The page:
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Charles Mingus - The Jazz Workshop Concerts: 1964-65

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Artist: Charles Mingus

Album: The Jazz Workshop Concerts: 1964-65

Label: Mosaic Select

Review date: Oct. 30, 2012


Charles Mingus - "Fables of Faubus (excerpt)" (The Jazz Workshop Concerts: 1964-65)


**Listen to selections from The Jazz Workshop Concerts at NPR Music**

Few composers combined fact, legend and talent during their time on this earth as turbulently as Charles Mingus. Those wishing to understand this man of staggering genius and perseverance must also grapple with busted lights in club ceilings and the busted chops of his comrades in art. On one level, Mingus was — and the continual recounting of his all-inclusive personality insures that he remains — larger than life, but after all the violence and beauty is added up, we are left with one of the most human portraits imaginable of a soul in struggle and triumph. More than any Mingus set I’ve heard, The Jazz Workshop Concerts captures the various complexities on which Mingus thrived and which tore him apart.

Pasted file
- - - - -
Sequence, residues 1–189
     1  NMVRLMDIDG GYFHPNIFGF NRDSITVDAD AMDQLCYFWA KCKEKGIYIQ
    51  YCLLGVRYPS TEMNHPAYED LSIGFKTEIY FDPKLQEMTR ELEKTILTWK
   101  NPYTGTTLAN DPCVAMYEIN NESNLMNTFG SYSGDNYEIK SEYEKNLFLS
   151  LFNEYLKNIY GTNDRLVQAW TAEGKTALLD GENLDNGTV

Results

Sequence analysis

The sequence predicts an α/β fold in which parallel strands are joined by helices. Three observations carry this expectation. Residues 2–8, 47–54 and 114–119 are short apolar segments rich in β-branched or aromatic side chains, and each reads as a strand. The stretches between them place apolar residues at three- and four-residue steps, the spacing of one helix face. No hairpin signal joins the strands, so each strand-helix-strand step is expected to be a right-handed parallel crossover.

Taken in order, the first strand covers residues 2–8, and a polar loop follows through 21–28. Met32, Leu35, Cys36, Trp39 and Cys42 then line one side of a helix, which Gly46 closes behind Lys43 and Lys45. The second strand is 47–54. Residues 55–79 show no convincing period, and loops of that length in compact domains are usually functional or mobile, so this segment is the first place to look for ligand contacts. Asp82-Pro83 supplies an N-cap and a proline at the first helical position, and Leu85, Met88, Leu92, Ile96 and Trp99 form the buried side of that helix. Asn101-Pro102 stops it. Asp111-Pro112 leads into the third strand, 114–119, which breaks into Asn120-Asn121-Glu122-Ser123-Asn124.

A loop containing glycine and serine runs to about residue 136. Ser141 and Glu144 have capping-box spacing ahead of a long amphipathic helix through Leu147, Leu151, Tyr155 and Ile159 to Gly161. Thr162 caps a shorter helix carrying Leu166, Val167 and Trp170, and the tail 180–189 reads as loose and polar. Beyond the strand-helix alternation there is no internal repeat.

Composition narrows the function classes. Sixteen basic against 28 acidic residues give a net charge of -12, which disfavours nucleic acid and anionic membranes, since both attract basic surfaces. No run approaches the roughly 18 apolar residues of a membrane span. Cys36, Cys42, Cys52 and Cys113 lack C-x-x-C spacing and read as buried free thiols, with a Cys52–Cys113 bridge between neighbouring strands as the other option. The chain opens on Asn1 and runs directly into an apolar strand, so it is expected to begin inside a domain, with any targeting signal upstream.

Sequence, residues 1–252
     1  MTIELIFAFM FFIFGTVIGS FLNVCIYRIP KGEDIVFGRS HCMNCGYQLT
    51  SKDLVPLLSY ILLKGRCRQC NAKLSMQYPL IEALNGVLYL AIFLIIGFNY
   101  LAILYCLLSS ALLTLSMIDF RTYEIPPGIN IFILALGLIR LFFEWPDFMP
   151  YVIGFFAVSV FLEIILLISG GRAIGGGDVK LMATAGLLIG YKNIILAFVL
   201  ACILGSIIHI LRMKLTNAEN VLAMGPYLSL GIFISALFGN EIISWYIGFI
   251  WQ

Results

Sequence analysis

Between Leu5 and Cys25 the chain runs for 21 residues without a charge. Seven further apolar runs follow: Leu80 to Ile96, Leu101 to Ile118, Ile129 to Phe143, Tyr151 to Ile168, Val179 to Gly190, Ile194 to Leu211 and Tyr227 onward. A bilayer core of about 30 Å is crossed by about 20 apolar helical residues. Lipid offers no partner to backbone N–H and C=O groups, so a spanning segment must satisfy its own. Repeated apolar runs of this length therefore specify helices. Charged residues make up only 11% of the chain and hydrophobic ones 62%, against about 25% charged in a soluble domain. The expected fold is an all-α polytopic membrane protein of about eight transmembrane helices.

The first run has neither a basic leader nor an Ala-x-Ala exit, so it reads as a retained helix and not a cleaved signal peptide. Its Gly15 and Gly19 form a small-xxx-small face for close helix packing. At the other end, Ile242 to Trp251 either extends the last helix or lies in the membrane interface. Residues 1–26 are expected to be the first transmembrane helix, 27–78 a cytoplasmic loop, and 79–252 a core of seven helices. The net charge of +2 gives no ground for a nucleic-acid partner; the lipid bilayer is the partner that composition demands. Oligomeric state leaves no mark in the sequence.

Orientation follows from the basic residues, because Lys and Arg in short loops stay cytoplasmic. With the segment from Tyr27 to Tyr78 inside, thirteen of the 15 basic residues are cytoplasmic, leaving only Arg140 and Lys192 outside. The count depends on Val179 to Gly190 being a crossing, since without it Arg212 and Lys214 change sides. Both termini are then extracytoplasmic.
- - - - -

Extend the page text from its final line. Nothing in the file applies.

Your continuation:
As I understand it, the Jazz Workshop was as much a philosophy as an ensemble, necessitating the constant exploration and reconfiguration of whatever music Mingus handed to his musicians. A good portion of the set’s success is in its presentation of live performances in a concentrated chronological space, allowing those reconfigurations to be heard in context. The seven discs span the 16 months from April 1964 through September of 1965. In the booklet notes, Sue Mingus and Brian Priestly discuss the concerns and projects that were coming to a point of culmination, realized or not, during this protracted period. Mingus was still smarting from the strange and disastrous 1962 Town Hall concert, at which he had attempted to record portions of the epic large-ensemble work we now know as Epitaph. His April 1964 return to the venue, the first of the concerts presented here and taking up the first and second discs, finds him in collaboration with what might have been his most sympathetic group, the sextet including Eric Dolphy and Clifford Jordan on winds, the underappreciated Johnny Coles on trumpet, Jaki Byard in the piano chair, and Danny Richmond (the one constant in these performances) on drums. Mingus would take this group to Europe that same month for a series of concerts, and we can hear their Concertgebouw date on the third and fourth discs. Unfortunately, partly due to Dolphy’s death in July, this group would not last to take part in Mingus’s huge triumph at the Monterey Jazz Festival the following September, occupying the fifth disc. A year later, at the same festival and almost to the day, the scene was very different, with scheduling problems causing a much smaller audience and a vastly reduced set time, and we now get to hear the mere half-hour’s worth of frustrated musical vision on the sixth disc. The box set ends resiliently with a May 1965 concert in Minneapolis, during which Mingus denounces major labels, in effect biting the hand that was not feeding him what he’d earned.